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War and Peace (of Mind): Mindfulness training for military could help them deal with stress

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Anxiety News -- ScienceDaily

 photo 3507626_zps9d225859.gifWar and Peace (of Mind): Mindfulness training for military could help them deal with stress

Mindfulness training -- a combination of meditation and body awareness exercises -- can help U.S. Marine Corps personnel prepare for and recover from stressful combat situations. The study suggests that incorporating meditative practices into pre-deployment training might be a way to help the U.S. military reduce rising rates of stress-related health conditions, including PTSD, depression and anxiety, within its ranks.




Subliminal Hypnosis Audios: Healthy Minds at Amazon.com:  Books

Thursday, May 15, 2014

Victims want to change, not just punish, offenders

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Relationships News -- ScienceDaily

 photo 3507626_zps9d225859.gifVictims want to change, not just punish, offenders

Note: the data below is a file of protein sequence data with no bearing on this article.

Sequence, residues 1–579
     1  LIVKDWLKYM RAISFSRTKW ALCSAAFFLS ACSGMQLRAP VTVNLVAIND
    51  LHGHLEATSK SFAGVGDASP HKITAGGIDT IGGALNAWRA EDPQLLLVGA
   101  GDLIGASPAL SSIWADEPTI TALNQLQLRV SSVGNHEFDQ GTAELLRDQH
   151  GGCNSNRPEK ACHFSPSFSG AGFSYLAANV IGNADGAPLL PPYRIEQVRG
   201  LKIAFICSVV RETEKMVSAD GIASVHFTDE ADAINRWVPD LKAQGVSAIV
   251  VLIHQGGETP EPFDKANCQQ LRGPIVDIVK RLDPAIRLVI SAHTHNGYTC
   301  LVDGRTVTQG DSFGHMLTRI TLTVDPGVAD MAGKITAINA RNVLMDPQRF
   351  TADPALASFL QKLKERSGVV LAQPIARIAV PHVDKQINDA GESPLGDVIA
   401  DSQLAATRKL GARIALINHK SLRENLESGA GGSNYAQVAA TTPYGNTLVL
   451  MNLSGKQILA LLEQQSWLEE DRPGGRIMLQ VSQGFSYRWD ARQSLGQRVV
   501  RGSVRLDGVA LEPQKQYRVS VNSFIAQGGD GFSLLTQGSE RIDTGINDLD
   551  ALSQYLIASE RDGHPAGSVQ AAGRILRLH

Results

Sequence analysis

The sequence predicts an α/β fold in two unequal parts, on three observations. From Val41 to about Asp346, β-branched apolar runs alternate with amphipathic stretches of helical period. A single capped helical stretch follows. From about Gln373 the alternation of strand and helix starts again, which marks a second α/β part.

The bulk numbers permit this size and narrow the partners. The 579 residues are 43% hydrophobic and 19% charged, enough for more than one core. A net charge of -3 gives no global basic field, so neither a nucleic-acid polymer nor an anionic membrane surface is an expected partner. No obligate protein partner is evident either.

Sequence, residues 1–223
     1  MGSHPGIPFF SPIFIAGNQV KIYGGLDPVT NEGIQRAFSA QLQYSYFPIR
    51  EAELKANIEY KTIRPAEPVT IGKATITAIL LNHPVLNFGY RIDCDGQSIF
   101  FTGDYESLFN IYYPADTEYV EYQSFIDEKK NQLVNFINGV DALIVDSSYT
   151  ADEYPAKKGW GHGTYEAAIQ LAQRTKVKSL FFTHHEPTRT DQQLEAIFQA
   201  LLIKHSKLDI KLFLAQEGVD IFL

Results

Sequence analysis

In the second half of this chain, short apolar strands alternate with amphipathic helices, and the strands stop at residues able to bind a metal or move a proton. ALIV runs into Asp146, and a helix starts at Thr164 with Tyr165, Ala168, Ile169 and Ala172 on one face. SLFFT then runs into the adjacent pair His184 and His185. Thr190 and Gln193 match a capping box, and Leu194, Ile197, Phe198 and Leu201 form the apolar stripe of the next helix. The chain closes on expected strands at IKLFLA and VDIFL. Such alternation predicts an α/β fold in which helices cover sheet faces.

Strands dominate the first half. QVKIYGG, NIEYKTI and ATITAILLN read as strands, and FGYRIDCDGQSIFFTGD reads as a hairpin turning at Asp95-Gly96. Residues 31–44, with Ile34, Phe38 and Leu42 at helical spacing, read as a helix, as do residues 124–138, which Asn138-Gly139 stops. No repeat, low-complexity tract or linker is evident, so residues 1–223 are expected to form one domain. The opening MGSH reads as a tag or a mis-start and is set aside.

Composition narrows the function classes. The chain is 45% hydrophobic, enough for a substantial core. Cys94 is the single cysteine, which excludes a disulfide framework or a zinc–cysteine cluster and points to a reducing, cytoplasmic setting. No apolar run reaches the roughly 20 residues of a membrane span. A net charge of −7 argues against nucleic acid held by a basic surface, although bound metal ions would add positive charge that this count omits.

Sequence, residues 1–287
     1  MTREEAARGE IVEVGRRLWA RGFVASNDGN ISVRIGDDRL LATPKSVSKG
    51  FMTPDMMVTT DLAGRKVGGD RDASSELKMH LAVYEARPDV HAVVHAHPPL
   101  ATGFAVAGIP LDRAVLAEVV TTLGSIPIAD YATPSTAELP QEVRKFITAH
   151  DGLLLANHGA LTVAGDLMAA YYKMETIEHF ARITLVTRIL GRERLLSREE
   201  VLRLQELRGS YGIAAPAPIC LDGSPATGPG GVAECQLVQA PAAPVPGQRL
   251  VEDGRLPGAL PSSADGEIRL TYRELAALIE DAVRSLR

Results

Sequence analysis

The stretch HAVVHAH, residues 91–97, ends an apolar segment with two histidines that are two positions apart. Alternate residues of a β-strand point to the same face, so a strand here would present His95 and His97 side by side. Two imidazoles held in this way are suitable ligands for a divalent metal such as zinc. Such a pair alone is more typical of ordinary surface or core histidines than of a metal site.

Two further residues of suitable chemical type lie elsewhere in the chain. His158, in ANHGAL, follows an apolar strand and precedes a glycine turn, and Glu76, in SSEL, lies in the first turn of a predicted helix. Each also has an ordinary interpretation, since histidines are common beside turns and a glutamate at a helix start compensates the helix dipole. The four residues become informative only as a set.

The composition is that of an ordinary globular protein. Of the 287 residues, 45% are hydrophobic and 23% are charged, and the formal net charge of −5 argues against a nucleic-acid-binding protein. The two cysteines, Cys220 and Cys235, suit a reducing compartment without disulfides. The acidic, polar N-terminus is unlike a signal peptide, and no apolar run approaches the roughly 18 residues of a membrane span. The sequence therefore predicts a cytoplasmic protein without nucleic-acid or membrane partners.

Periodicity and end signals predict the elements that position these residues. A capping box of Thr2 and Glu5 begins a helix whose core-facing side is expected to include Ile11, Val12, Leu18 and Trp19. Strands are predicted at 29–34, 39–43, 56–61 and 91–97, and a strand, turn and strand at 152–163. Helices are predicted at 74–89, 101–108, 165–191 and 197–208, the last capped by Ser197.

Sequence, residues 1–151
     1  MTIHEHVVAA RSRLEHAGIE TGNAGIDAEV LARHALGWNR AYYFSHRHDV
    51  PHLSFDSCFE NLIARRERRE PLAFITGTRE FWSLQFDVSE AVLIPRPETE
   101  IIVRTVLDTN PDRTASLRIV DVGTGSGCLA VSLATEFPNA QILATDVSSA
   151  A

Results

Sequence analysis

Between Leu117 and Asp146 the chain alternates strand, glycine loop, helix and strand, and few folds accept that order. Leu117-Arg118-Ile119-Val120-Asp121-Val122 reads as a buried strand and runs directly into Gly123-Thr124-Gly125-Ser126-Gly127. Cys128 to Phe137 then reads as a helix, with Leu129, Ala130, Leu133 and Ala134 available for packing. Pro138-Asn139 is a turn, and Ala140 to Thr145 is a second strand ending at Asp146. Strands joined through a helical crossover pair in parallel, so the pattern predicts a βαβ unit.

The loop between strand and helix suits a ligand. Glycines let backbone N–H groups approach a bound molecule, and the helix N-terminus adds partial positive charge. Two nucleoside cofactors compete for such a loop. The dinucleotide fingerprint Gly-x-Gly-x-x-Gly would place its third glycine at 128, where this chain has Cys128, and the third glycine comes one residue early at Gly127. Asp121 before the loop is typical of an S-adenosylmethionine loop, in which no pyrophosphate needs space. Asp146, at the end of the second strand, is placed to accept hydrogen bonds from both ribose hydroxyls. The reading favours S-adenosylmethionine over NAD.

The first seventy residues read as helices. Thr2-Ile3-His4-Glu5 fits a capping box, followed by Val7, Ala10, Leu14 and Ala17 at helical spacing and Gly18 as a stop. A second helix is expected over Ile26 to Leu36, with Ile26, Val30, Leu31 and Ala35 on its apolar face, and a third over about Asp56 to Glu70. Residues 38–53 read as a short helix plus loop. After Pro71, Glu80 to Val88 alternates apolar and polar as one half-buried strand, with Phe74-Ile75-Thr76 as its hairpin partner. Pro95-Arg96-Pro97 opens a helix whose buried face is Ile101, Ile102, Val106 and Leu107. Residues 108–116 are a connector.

Revenge is a dish best served with a side of change. A series of experiments conducted has found that punishment is only satisfying to victims if the offenders change their attitude as a result of the punishment. The findings offer insights into a wide range of situations -- from casual encounters to the sentencing of a criminal. And the research advances efforts in psychology and philosophy to understand the social motives of punishment and the communicative aspects of punishment.




Subliminal Hypnosis Audios: Healthy Minds at Amazon.com:  Books

Monday, May 12, 2014

Intimate partner violence in men who have sex with men is linked to adverse health effects

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Relationships News -- ScienceDaily

Intimate partner violence in men who have sex with men is linked to adverse health effects

Intimate partner violence among men who have sex with men (MSM) is linked to greater risk of mental and physical health symptoms, substance misuse, and sexually transmitted infections, according to a new research article.




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Sunday, May 11, 2014

Listening to bipolar disorder: Smartphone App detects mood swings via voice analysis

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Bipolar Disorder News -- ScienceDaily

Listening to bipolar disorder: Smartphone App detects mood swings via voice analysis

A smartphone app that monitors subtle qualities of a person’s voice during everyday phone conversations shows promise for detecting early signs of mood changes in people with bipolar disorder. While the app still needs much testing before widespread use, early results from a small group of patients show its potential to monitor moods while protecting privacy.